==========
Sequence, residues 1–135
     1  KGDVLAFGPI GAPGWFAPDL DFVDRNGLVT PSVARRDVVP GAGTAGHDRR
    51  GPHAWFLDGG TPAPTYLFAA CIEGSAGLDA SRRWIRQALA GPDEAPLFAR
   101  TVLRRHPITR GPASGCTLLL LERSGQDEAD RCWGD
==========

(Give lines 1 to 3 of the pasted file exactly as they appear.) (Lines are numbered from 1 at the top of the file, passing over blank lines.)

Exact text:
Sequence, residues 1–135
     1  KGDVLAFGPI GAPGWFAPDL DFVDRNGLVT PSVARRDVVP GAGTAGHDRR
    51  GPHAWFLDGG TPAPTYLFAA CIEGSAGLDA SRRWIRQALA GPDEAPLFAR